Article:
Noel I think just as simple as it is, it’s just the main sheet, it does so much in all boats, dinghies to keel boats. The main sheet is the absolute key adjustment for the balance and trim.

  • I think you are the main sheet trimmer on the Alinghi RC 44?

Noel: Most of the boats I sail on, I’ve been somewhat pigeonholed into a main sheet trimmer position, essentially, I guess because I do a lot of steering. It’s quite often that if you’re steering and you don’t have a very good main sheet trimmer, the work with the balance of the boat more so than just the trim of the sail is key.

For me that’s the difference between the better main sheet trimmers and headsail trimmers. Main sheet trimmers essentially trim the boat to the overall balance more so than just looking at the mainsail and reporting“it looks good today.”

  • One of the things I’ve noticed with some keel boat crews is that they they feel after it happens, that they reactive rather than proactive.

Noel: I think that’s been a very important factor for my success that I have the dinghy feel, but I’ve sailed a lot on keel boats, so you’re feeling what’s happening with the boat, it’s loading up or unloading or the mainsheet’s too tight for acceleration, whatever it is.

On a keel boat you’ll have your instruments package that will quantify that, but if you have the feel from previous dinghy sailing you will be ahead of the instruments and that’s what you need to be.

  • You hear often that you should always sail towards the next shift, is there a reason why you should sail towards the next shift?

Noel: Not really, but it does work out usually as an advantage, it really depends if it’s more likely to be a header on one side of the course or not, but I don’t think it’s always a golden rule that you should sail towards the next shift because it might be a lift and you might end up being to leeward of everybody.

  • How do clouds influence your upwind strategy?

Noel: Pretty big part of it, I’ll always look up and look at the clouds, so if I was sailing in Melbourne, for sure I’d be looking for:

  1. The sea breeze clouds building on the land or
  2. If it’s any sort of southerly or westerly, just the cloud formations out to sea, because you’d better be going upwind to them.

Because I’ve done a reasonable amount of ocean racing, and in the Volvo ocean race you sail with really good navigators and when they come up on deck and tell you “look at the cloud, go to the right-hand side of it and you’ll be lifted, or stay away from that one”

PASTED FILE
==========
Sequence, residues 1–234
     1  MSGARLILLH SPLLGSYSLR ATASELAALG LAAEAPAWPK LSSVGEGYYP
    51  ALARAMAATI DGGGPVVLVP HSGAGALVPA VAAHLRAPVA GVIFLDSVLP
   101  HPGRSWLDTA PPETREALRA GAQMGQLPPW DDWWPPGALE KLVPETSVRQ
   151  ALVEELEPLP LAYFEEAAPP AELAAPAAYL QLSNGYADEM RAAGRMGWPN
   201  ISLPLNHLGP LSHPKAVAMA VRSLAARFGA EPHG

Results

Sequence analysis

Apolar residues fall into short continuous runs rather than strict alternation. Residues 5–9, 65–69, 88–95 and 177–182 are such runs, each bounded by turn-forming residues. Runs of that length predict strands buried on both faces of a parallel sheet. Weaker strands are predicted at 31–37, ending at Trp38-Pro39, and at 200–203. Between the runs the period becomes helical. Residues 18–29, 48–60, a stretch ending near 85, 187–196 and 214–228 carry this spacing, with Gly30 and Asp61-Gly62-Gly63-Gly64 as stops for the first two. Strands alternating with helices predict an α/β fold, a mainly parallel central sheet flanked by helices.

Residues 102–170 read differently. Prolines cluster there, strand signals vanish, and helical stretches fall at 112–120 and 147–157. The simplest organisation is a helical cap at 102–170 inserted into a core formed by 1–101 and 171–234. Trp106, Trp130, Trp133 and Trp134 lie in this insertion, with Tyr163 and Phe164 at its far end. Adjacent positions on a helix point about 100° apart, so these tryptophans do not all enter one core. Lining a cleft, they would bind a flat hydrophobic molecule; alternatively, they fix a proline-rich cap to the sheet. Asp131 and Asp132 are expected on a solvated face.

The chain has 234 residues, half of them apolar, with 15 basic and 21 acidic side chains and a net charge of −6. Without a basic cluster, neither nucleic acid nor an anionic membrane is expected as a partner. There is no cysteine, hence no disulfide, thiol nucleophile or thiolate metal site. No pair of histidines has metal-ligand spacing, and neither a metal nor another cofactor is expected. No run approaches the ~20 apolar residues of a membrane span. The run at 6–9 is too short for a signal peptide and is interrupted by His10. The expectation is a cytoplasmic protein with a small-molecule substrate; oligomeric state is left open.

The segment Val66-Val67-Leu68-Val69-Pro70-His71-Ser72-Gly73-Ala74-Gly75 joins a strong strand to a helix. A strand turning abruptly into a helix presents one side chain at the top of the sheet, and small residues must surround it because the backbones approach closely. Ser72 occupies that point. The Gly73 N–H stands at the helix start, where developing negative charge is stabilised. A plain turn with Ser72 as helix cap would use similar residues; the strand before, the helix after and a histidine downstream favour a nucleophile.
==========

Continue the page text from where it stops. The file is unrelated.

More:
You learn what to stay away from or if it’s safe to go towards it, which side of the clouds you’re going to be lifted and which side you’re going to be headed, so I think it’s a pretty important thing to do.

  • Should you sail for puffs or shifts?

Noel: Essentially it’s the little bit to do with the boat. If it’s a boat like in an Etchells, if you’re racing in six to eight knots, its windspeed. Over probably 10, it’s probably shift. Downwind in a planing boat I go for windspeed every time.

  • You’re going out for a training day, what should you practice uphill?

Noel: I like defining my practice time pretty clearly on what the goal is for that particular training period. Essentially, I like to go and say, practice starting and do nothing else but starting.

 I prefer to practice trying to hold off somebody just on the hip more so than just straight line sailing to see how fast you are. Essentially the more difficult things.

  • What do you look for when trimming up wind sails?

Noel: I’d probably just use the leech ribbons as a bit of a guide in certain conditions to make sure I’m not too over-trimmed. Look at the leech and the telltales in the middle of the sail to see, camber wise, if they’re lifting or they’re stuck or flowing, but also the back wind from the jib on the luff of the main,

If most of the back wind is starting down low in the main sail from the jib, the jib cars will be down too low or in too far, for example. Trying to work towards getting the even back wind across the luff of the main sail, as long as the main sail’s not ridiculously full.

There are things that I would talk to the jib trimmer about. “Hey, we’ve got a lot of back wind up high” a blowback from the headsail, so then those things create the environment for the two of you who are working together on the package more so than trimming the individual sails.